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DIY: Christmas Tree Collar

By: Diane Henkler

Christmas Tree Collar

Getting Started

Tired of your old tree skirt? This picture-perfect project is a great way to spruce up your holiday decor. Find some inexpensive frames and festive fabric, then grab your Arrow T50AC professional electric staple gun and nailer to take on this DIY Christmas tree collar.

You Will Need

Materials Needed

Other Tools

  • Paper cutter or scissors
  • Iron (optional)

Materials

  • Arrow ⁵⁄₁₆" staples
  • Picture frames (we used seven 8" x 10" frames)
  • Fabric (see material tips for yardage)
  • Corrugated cardboard
Show Less

Material Tips

 

Frames substitution:
Use plywood pieces or another thin wood cut into 8″ x 10″ pieces.

How to determine the amount of fabric to buy:
If you are using 8″ x 10″ frames, figure about ¼–¾ yard to cover two frames.

Where to find corrugated cardboard:
Source it. Check the packaging of any products you’ve bought or received in the mail for bits and pieces of corrugated cardboard to make the hinges. For example, look at the packaging used for fragile items, such as china or cosmetics.

Buy it. Corrugated cardboard is sold in two places at the craft store: in the teaching supplies section as colorful scalloped trim commonly used to decorate bulletin boards, and in the scrapbooking aisle sold as sheets of paper.

Start Building

Step 1

Start by laying out your fabric and first picture frame. If the fabric has an image or a pattern, lay it over the frame so the image or pattern is placed as desired before you cut. Then cut your fabric larger than the frame so there is enough to fold around the edges of the frame, about 2″ around. If your fabric is wrinkled or creased, iron before securing the fabric.

Step 2

Now lay the front of the frame onto the back of the cut fabric square. Starting on one side of the frame, pull the fabric up and over the edge, then fold the raw fabric edge under. Using your T50AC professional electric staple gun and nailer to secure the fabric, staple at the center of the frame edge. Then staple outward toward each of the corners to finish the first side. Next, pull the fabric taut to the opposite side of the frame and staple to complete that side. Be careful not to pull your fabric too tight where the image or pattern becomes skewed.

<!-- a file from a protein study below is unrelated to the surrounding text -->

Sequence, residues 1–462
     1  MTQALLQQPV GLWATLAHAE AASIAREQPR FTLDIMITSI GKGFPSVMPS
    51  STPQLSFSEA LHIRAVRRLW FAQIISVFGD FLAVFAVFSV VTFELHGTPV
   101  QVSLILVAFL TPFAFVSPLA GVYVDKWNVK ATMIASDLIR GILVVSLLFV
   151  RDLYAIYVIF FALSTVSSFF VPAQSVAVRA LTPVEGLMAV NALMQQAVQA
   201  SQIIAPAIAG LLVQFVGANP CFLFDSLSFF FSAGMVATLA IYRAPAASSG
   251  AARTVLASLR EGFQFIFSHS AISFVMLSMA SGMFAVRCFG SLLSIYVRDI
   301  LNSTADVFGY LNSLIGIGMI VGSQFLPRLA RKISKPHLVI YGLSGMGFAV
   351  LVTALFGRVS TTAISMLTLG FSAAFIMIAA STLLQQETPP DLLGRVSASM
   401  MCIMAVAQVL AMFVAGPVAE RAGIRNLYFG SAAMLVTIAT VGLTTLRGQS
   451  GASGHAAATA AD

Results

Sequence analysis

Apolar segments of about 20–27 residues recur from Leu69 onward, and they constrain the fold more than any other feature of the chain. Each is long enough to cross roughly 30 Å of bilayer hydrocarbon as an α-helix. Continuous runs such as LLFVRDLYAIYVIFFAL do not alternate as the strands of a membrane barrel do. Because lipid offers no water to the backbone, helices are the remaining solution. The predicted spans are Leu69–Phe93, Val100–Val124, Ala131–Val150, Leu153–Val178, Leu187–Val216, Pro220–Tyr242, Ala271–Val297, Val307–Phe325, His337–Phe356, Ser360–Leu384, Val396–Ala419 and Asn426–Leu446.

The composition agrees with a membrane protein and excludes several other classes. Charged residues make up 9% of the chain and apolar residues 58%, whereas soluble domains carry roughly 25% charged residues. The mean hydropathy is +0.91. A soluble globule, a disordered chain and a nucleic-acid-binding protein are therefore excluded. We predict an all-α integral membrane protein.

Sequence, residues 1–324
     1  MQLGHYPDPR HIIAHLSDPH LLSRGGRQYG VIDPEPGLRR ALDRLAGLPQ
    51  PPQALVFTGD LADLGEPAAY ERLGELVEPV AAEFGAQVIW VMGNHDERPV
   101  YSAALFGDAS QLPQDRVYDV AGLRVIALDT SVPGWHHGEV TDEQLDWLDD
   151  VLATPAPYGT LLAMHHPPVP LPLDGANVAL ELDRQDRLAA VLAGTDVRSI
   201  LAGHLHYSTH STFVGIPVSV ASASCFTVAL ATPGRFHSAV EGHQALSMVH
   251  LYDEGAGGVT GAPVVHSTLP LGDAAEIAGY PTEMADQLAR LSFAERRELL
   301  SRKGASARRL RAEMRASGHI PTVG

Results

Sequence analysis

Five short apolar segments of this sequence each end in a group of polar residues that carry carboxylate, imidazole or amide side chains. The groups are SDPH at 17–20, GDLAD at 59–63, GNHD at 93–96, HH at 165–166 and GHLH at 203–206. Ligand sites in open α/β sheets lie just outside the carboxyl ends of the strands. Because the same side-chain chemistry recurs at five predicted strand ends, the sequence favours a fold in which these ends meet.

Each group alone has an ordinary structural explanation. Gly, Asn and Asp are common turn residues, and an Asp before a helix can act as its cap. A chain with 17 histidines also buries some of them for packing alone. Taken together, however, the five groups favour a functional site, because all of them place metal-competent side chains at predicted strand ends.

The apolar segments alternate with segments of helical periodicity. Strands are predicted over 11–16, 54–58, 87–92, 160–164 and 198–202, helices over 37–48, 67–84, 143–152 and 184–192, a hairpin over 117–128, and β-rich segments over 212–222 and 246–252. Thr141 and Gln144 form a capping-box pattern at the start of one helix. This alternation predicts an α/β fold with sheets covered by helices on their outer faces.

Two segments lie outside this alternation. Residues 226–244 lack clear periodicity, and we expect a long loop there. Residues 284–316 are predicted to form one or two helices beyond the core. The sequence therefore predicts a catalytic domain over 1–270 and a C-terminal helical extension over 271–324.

Step 3

To finish a corner on the frame, pull the fabric over the corner and staple to the back of the frame. Then fold the fabric edge over what you just stapled, and staple again to hold in place, like you’re wrapping a present. Keep moving along that same edge to complete the side and repeat this step on the next three corners.

Step 4

After you’ve repeated steps 1–3 to cover each frame, set them aside. It’s time to create the cardboard hinges for your tree collar.

Start by cutting your corrugated cardboard down to 1″ x 3″ pieces (or larger) using your paper cutter or scissors. You’ll want three “hinges” per frame connection.

Step 5

Now it’s time to assemble your Christmas tree collar! Lay the frames facedown on your work surface. Line up the bottoms of each frame and place three hinges at each connection: one at the top, one in the middle, and one at the bottom. When stapling the cardboard, the corrugated side can face down or up (either way will work). Try to get the staple as close to the frame edge so that when the stand is around the tree, you don’t see the hinges where the frames are connected.

Be sure not to connect your first and last frames to each other – you do not need to attach the frames in a complete circle.

Step 6

To arrange the collar around your Christmas tree, find the center of the collar and place it on the floor in front of the tree. Wrap each half around the tree until the end frames meet in the back. Adjust the circle of frames if necessary so the collar sits symmetrically around the stand.

Storage

When the holidays are over, loosely fold the frames on top of one another and place them in a box to store. If you have thicker frames, you may not be able to fold them. If this is the case, remove the hinges on one side of each frame (keeping the hinge attached to the other frame side) so you can stack and store them. The next time you use your Christmas tree collar, you can simply reattach the hinges.

Finished Product

This project can turn into a family tradition for years to come! Check out all the ways you can give it a facelift each year below.

We’d love to see how your DIY Christmas tree collar turned out! Share your work with us on Facebook and Instagram by tagging @ArrowFastener or using #MadeWithArrow.

Project variations

This tree collar is unique because you can switch it up year after year.

Here are a few ideas to keep your collar looking fresh:

Family fun – Put a photo of each family member in each frame with their name written on the frame.

Total glam – Spray-paint wood-framed mirrors gold.

Vintage – Use old black-and-white family photos of past Christmases.

Create magic – Frame mirrors (or buy some) at the dollar store to create a tree collar that will reflect and double the tree lights and the number of presents under the tree.

Chalkboard – Frame chalkboards and use chalk to draw a design on each (“Merry and Bright” and “From Santa” downloadable templates here).

Project 91 of 102

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